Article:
My Jewish upbringing and my training as a physician powerfully influence what I choose to write about and how I execute my thoughts. My first effort at creative nonfiction, The Man Who Stalked Einsteintells the true story of Philipp Lenard, a Nobel Prize winning physicist whose jealousy of Albert Einstein’s popularity, fear of being rendered inconsequential by Einstein’s new physics, and rabid anti-Semitism led to his hounding Einstein out of Germany and spearheading the dismissal of Jewish professors from German universities.

My second book, tentatively titled A Plague on All Our Houses, is to be released by ForeEdge Press in the fall of 2016. Plague follows the medical career of Dr. Michael Gottlieb from 1981—when he discovered the deadly new disease, AIDS—through 1987, when a Job-like confluence of adversities forced him from academic practice. Gottlieb’s early medical celebrity, caring for the AIDS-afflicted Rock Hudson, and co-founding amfAR with Elizabeth Taylor brought him into conflict with his immediate superiors and put him at odds with the ruling conservatism of that era. As such, the book is an instructive tale of envy, ambition, and the perils of fighting a powerful system.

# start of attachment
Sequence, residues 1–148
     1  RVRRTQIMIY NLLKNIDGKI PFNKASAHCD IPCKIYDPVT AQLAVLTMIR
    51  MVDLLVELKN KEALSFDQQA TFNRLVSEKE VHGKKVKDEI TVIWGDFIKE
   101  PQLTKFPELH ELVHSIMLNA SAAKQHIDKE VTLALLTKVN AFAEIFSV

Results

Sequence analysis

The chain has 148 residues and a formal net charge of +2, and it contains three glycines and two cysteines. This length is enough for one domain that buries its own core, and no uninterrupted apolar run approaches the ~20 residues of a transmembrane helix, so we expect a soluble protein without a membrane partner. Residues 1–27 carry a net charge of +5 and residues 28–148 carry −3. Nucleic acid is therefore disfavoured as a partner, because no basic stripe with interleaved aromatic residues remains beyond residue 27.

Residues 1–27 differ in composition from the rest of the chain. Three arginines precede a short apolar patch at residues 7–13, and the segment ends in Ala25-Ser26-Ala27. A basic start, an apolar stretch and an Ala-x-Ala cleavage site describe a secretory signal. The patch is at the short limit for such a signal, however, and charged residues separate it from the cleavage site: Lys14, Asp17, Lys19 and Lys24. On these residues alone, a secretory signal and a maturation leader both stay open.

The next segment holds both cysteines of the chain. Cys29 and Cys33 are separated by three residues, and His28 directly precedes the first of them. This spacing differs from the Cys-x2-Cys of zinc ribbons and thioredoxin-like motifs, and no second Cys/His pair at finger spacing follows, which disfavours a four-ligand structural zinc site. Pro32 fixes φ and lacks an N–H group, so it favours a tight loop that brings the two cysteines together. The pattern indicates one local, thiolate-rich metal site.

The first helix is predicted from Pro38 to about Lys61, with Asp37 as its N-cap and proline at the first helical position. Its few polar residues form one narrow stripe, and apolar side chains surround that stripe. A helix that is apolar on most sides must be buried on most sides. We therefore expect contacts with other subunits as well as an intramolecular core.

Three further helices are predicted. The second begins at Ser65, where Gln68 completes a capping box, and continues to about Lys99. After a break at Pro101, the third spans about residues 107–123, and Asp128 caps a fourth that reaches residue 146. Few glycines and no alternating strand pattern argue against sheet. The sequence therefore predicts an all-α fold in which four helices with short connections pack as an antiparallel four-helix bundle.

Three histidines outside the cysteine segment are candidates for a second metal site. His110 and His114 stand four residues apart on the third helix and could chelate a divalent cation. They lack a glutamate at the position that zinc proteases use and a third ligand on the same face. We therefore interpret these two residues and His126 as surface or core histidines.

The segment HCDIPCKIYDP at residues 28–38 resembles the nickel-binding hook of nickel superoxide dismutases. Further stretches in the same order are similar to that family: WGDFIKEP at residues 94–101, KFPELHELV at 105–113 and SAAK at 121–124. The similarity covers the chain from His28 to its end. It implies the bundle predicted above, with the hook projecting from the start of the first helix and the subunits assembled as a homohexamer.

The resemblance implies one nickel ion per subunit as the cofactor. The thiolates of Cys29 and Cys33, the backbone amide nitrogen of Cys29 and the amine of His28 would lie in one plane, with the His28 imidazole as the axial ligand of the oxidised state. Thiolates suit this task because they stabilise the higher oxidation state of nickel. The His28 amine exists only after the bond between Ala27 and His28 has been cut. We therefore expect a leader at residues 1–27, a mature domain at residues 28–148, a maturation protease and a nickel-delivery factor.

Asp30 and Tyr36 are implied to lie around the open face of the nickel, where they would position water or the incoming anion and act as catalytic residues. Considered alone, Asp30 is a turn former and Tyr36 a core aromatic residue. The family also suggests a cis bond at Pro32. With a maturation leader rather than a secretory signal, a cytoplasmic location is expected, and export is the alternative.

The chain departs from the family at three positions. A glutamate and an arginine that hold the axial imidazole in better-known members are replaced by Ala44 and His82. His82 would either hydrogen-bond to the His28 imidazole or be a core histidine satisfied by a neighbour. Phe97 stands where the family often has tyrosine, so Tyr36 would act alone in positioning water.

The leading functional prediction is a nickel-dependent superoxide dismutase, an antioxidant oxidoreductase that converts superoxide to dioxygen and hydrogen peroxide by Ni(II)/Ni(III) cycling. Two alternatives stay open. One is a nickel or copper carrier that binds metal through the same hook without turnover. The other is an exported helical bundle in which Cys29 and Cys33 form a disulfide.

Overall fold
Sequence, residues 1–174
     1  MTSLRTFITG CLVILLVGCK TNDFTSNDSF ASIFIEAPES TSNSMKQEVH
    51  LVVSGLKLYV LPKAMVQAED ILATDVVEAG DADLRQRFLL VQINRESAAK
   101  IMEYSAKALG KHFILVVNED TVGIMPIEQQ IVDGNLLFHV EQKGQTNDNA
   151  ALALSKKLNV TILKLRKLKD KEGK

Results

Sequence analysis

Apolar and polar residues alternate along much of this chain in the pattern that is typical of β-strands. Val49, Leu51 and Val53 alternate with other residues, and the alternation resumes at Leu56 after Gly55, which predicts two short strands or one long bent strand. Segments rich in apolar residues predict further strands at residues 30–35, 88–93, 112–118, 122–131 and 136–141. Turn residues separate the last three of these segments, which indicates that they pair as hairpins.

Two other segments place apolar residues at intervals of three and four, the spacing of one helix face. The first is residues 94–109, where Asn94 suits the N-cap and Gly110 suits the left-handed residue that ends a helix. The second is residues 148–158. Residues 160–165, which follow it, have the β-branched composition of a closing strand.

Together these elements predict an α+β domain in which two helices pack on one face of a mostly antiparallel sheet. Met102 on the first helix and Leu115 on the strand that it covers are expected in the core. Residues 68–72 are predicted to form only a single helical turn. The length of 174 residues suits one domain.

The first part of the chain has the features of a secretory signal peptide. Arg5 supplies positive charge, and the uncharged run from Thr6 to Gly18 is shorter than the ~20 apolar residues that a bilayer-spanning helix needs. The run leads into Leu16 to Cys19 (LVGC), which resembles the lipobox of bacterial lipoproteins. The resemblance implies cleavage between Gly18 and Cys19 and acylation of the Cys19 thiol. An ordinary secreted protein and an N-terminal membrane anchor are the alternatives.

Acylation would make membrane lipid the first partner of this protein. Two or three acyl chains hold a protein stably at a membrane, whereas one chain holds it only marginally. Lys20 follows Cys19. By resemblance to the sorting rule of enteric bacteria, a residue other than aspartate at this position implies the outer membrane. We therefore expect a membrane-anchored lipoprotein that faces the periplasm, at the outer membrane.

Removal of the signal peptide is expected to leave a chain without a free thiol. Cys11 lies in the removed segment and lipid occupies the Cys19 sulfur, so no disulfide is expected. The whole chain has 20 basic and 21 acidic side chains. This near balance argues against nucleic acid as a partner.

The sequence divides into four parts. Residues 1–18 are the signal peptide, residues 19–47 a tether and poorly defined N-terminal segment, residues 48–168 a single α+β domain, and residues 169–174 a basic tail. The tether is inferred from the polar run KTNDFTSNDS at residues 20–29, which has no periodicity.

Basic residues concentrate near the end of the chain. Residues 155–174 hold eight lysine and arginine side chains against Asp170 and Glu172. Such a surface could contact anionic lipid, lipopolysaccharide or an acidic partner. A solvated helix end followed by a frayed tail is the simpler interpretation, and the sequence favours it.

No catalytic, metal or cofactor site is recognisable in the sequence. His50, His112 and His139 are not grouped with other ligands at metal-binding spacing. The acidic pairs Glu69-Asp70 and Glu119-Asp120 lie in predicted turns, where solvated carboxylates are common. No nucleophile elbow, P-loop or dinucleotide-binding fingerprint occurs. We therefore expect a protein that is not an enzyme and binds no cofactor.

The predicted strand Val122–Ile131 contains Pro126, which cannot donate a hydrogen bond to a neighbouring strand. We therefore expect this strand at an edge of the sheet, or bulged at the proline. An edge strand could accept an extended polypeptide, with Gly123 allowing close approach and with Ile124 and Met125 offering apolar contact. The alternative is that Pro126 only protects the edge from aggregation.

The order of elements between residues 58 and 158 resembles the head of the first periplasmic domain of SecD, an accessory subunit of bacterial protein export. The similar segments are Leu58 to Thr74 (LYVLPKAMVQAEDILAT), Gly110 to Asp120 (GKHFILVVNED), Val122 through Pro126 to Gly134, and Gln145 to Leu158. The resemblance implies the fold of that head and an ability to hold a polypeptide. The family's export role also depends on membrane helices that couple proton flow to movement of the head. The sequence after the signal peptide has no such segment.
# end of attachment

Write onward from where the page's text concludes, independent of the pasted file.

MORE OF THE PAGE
Writing and medical practice. It is not a question of choosing between one or the other. Those who hear the call, must choose to pursue both.

Bruce Hillman is Professor of Radiology at the University of Virginia and Editor-in-Chief of the Journal of the American College of Radiology. He has published eight short stories and the 2010 book for lay readers, The Sorcerer’s Apprentice: How Medical Imaging is Changing Health Care.

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Writing 'The Man Who Stalked Einstein'

Monday, December 28, 2015 | Permalink

This week, Bruce J. Hillman shares the story behind his first non-medical book, The Man Who Stalked Einstein: How Nazi Scientist Philipp Lenard Changed the Course of History as part of the Visiting Scribe series on The ProsenPeople.